Friday, March 15, 2013

Was there really no turning point to RPI's season?

   TROY -- Seth Appert says there wasn't really a discernable turning point to Rensselaer Polytechnic Institute's hockey season, a turnaround which saw the Engineers win 11 of their final 13 games after winning just six of their of their first 21 (6-10-5). In ECAC Hockey play, they won 11 of 12 after a 1-6-3 start.
   Appert says there's never a turning point to any team's season, no matter how dramatic of a turnaround there may be within that season. Fans and the media enjoy looking for such pinpoints.
   Rensselaer captain C.J. Lee agrees with Appert.
   "I really can't pinpoint a moment that really changed everything," Lee said. "I think we just bought into the way we needed to play, that is wasn't always going to be pretty and maybe it wasn't the most fun way to win but the alternative is losing, so we just bought into it."
   Well, perhaps.
   I would suggest there was a clear turning point to the season. It came on Nov. 10 at Harvard, a game the Engineers lost, 4-0, one night after they lost at Dartmouth by the same score.
   Appert has described in great detail that the Dartmouth game was the low point of the season.
   The next night, he benched top line right winger Ryan Haggerty and veteran Matt Tinordi. Jacob Laliberte, one of the team's leading scorers, was out injured and Appert benched Lee and fellow veteran Brock Higgs for the entire first period. Defenseman Curtis Leonard was also a scratch and the Engineers dressed just 16 skaters, rather than the usual 18.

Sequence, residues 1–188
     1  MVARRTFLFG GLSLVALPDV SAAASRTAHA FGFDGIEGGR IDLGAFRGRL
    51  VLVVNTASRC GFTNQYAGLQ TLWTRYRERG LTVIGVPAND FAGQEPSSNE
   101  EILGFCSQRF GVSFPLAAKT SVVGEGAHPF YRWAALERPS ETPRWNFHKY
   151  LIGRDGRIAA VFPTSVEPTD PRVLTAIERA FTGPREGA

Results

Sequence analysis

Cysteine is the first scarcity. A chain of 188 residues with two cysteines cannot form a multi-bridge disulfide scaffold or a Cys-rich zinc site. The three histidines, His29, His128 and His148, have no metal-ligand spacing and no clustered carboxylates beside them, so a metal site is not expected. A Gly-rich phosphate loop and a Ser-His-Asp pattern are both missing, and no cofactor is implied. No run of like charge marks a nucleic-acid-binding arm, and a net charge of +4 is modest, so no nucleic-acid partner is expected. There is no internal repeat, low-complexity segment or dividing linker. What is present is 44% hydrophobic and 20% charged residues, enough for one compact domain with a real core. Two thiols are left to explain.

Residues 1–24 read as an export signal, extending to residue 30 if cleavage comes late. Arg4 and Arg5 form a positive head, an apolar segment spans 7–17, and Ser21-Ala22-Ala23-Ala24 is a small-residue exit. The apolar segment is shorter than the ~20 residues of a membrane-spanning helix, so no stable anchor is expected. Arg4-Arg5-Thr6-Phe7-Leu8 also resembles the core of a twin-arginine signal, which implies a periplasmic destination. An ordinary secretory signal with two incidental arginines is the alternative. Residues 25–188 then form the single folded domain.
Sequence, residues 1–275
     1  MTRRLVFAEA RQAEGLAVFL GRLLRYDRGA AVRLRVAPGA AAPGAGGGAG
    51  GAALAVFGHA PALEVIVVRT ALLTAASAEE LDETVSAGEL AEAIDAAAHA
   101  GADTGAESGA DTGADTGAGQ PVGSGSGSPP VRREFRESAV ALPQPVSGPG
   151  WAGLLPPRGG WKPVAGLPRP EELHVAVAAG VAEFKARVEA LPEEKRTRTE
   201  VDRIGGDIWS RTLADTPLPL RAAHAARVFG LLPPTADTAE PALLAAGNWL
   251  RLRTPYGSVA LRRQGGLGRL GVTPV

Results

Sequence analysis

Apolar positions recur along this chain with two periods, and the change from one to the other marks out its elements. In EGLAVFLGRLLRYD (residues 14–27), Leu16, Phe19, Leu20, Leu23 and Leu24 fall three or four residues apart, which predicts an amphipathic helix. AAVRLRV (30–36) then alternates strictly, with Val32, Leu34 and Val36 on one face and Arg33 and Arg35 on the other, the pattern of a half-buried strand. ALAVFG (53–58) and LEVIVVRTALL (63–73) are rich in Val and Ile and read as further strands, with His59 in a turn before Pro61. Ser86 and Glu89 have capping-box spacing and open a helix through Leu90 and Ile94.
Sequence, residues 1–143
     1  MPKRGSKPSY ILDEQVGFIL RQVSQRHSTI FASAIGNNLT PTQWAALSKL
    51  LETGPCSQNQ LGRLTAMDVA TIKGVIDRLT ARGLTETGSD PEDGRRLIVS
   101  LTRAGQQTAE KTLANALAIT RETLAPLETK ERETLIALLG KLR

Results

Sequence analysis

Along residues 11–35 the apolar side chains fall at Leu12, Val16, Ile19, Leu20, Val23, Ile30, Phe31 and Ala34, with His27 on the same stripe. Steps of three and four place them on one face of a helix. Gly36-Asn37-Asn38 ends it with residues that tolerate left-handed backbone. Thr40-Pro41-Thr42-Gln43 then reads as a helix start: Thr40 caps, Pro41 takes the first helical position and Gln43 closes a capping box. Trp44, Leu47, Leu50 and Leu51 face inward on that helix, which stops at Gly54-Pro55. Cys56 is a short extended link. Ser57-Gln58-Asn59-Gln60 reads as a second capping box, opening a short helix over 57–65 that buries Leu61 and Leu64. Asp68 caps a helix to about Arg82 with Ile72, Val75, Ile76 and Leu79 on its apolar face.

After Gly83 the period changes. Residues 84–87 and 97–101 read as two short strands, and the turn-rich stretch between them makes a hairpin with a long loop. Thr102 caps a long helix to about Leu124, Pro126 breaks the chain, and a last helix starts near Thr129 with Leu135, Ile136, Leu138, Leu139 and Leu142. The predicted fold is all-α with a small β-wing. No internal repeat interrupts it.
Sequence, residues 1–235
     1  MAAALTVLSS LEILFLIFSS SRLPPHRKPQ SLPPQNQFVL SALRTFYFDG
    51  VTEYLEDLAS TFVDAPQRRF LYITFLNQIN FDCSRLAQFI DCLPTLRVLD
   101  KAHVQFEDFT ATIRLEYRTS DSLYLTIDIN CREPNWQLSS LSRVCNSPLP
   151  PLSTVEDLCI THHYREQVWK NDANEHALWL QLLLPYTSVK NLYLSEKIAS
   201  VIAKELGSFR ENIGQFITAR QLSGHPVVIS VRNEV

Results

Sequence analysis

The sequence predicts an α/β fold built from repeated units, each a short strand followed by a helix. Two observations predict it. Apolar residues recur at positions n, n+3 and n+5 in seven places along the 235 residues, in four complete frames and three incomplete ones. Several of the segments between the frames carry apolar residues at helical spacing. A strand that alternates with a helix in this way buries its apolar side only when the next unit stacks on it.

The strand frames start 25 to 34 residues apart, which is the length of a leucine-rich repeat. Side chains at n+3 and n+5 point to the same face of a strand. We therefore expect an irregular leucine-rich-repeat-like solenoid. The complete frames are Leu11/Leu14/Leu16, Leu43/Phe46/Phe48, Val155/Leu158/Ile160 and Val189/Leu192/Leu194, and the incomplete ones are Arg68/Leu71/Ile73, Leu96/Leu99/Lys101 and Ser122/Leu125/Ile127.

The result of that game wasn't important to Appert, the long-term good of the team was.
   The Engineers then posted two victories over Mercyhurst, a team fom the weaker Atlantic Hockey conference. The won just one of their next six league games (1-2-3) but .their play improved and they beat 9th-ranked St. Cloud State.
   And during that six-game span, the Engineers lost a game at Princeton, 4-1, that they should have won. They came out unready to play and fell behind, 2-0. After nearly 58 minutes, they had held Princeton to just 11 shots on goal before the Tigers added two empty-net goals.
   Princeton rarely could get the puck through the neutral zone for most of the final two periods. And 11 shots on goal? You have to win such a game -- every time -- holding the opposition to 11 shots.
   I'd never seen Appert so angry and that was 15 minutes after the game ended. I can only imagine how he was when he walked into the locker room. 
   That night accentuated the night at Harvard and the only game RPI lost over the next five weeks was a non-leaguer against Union. The Engineers won eight straight ECACH games and 11 of 12 to rise all the way to second place in the league.
   To me, the message Appert sent that November night at Harvard is what motivated the players to turn their season around. They needed a 'friendly' reminder at Princeton on Jan.12. After that, a season saved, and then some.
   But that was the regular season.
   Tonight, the Engineers host an ECAC quarterfinal round series for the first time in more than a decade.
   Against a good Brown team, the deeper Engineers should prevail in the best-of-three series and advance to the league semis, if they stick to their physical, tough philosophy.
   When the Engineers beat Brown 5-1 at Houston Field House last month, they put four pucks past Brown goaltender Anthony Borelli, jacking up the goals against average of who had been one of the nation's hottest netminder.
   That fact could benefit the Engineers tonight. They could get into Borelli's head -- could -- but only if they come out focused and intense and put plenty of rubber on Borelli, who, amazingly, didn't win the starting job until well into his senior year.
   Live chat today: Log on to, or Twitter, for a live chat to discuss the Engineers and this series at 5 p.m. today.



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